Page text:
We all know about the basic kanban board, the three columns and the WIPs, however, when you have been using kanban for a while, this is usually not enough anymore. At this point most of the teams chose to innovate themselves or start looking for the innovation elsewhere. However, with such little information available, they are truly grabbing on straws. That is why, we were extremely interested in and are excited to introduce to you the arrow approach for the kanban board by Tomas Rybing.
The arrow approach is aimed at transforming one of the key elements of the practice – the kanban board. It strives to optimize and improve the board, by introducing new elements and expanding its capacities. The main differences here are the priority pyramid and limits for the number of rows as well as stories per row. Even though it may sound complicated at first, it is actually quite straightforward and not only innovates the board, but brings it a whole new shape of an arrow as seen in the picture below.
The Flipped Pyramid
The first thing that pops out here is the changed shape and structure of the backlog. A horizontally flipped priority pyramid is introduced to the board, creating several separate priority columns. Stories are added to the lowest priority column and move up to higher priority columns as they open up. Each priority column only has a certain number of stories it can hold, so that the team can plan and prioritize more easily.
Besides the different shape, the backlog has a few more changes. First, each of the priority columns are assigned a definition of done (DoD). Which means that any time before moving a story up to a higher priority the team needs to check if it has all the necessary information according to the DoD. Such practice ensures that no stories are taking up and holding up space in the priority columns and that the process runs smoothly.
The second change deals with the highest priority column, in which the number of spots is directly linked to and the same as the number of rows your team decides to have in the board. Which brings us to another major change that the arrow approach introduces – limited number of rows.
The Swim Lanes
In order to limit WIP, the arrow uses a limited number of swim lanes. This works exactly like WIP limits, allowing the team to work only on a certain number of stories at a given time. Instead of limiting the work by a number at the top of the column, the board has a limited number of rows or swim lanes and only one story can be added per one lane.
Once the story is committed to, however, it can be divided up in to as many tasks as needed, so the only limit is for the stories. When deciding how many swim lanes your team should have, evaluate the size of your stories and your team capacity. It is ideal to have the number of lanes that will keep everyone busy, but not overloaded with work.
The third change with the arrow board is the introduction of DoD at every process step. This ensures that tasks are only moved forward when they are ready. To put it more simply, at every stage of the process the team members have to evaluate the task progress before moving it on to the next stage. This helps the team avoid the delays and having to bring tasks backwards due to insufficient information or completion.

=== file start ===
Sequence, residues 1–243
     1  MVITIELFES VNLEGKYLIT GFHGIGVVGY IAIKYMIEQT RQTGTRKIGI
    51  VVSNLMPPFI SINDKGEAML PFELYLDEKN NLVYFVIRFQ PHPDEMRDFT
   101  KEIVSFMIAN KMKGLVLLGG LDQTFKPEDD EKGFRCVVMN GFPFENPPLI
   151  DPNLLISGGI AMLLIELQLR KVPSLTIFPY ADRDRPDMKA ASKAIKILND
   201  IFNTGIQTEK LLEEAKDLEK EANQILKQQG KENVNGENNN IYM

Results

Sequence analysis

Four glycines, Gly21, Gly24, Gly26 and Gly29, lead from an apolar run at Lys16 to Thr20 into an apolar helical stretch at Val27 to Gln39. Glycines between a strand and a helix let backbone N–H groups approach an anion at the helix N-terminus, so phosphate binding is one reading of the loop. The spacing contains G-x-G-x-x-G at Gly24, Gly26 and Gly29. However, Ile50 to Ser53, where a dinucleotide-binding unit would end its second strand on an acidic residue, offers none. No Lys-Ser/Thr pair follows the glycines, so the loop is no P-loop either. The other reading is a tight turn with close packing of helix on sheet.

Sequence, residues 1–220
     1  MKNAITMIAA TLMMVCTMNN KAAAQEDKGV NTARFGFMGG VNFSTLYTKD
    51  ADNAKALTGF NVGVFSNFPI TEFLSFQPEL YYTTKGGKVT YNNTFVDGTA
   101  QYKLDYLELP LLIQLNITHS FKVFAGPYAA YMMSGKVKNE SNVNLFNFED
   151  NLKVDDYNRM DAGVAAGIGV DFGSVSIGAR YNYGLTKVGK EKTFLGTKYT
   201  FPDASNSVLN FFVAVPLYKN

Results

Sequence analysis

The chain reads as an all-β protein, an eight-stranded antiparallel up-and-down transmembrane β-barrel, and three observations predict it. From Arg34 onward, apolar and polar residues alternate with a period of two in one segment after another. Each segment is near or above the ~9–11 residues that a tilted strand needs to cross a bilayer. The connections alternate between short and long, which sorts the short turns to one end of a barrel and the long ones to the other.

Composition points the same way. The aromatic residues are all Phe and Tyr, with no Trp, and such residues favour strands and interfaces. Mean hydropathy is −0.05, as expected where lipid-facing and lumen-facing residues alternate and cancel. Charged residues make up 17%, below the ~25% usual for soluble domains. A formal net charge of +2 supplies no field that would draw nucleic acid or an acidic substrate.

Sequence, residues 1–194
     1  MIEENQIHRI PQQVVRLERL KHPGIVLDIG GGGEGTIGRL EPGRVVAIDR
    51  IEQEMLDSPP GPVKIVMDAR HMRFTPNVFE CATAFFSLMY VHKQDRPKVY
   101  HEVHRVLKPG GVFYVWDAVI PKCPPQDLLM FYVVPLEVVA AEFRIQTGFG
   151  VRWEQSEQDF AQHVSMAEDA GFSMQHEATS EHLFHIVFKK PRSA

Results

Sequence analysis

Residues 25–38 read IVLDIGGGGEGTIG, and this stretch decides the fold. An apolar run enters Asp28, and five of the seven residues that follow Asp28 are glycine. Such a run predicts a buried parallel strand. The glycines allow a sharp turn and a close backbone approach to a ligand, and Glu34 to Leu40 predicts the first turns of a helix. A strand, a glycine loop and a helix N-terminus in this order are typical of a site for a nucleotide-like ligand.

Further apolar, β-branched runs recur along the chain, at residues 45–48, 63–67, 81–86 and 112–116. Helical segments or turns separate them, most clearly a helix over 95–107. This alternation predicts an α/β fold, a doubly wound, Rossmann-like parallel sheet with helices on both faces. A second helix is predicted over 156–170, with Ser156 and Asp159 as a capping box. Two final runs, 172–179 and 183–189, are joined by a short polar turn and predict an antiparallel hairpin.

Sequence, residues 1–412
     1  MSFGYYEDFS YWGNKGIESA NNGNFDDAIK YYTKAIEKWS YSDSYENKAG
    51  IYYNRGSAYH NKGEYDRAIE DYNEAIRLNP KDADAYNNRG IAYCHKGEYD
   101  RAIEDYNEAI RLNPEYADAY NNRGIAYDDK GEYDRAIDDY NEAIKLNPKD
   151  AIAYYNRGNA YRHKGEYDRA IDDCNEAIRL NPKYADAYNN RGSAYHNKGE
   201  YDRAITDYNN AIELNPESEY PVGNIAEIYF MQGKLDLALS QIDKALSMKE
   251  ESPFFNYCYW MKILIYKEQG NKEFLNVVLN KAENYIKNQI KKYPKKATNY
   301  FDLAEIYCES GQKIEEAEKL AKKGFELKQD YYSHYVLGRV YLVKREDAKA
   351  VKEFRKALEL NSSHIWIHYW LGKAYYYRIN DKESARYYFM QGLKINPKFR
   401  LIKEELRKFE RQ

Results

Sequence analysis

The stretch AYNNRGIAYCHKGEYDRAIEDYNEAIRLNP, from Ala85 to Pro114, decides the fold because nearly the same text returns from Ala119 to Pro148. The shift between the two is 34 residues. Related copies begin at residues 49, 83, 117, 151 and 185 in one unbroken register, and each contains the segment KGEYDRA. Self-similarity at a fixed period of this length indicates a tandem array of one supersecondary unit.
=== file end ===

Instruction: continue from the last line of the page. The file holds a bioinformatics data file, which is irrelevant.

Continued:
The ultimate DoD is different as well – instead of simply moving tasks off the board when done, they are kept at the end of the arrow. This gives the team a possibility to see the progress and to celebrate achievements. In fact, the approach suggests having a little team celebration every time a certain number of tasks (for example 20) are completed.
Some other changes the arrow approach suggests are:
- Keeping a list of the overall team goals right by the board, so that team members can easily check them and stay on the right track.
- Assigning specific colors to user stories and tasks according to their type. Which helps the team to visualize and distinguish what type of work they are mostly doing and adjust easily if needed.
- Adding a fast lane for tasks that have to be attended to quickly and cannot go through the priority process, that helps to deal with the unexpected situations and react to any changes quickly.
The one drawback similar to many manual approaches is the amount of space needed to hold such a board.
Moving the arrow to Eylean
When we first thought about the move from the physical aroow board into Eylean software, we only saw the limitations – there is no way to shape our board like an arrow or to add the goal list right on the board. However, the more familiar we became with the approach, the more similarities we saw. In fact the default kanban board available in Eylean only needs a little modification to fit the arrow criteria.
Once you create a default kanban board, the priority columns are already there, they also automatically have a limit on how many stories can be added. While there is no way to limit the number of swim lanes, by limiting the number of stories, you automatically do both.
The work in progress section continues to follow the arrow ideology. You can limit the number of features to be worked on at one time while at the same time adding as many subtasks as needed and moving them through the process steps constantly checking the DoDs.
The Dods can be added to every single column and even though they will not be immediately seen, you will only need to hover over the column name for them to appear. The end goals can easily be stored this way as well, shown when hovering over the Done column.
Have you already tried to adapt the arrow approach or maybe you developed a separate approach of your own? Let us know in the comments.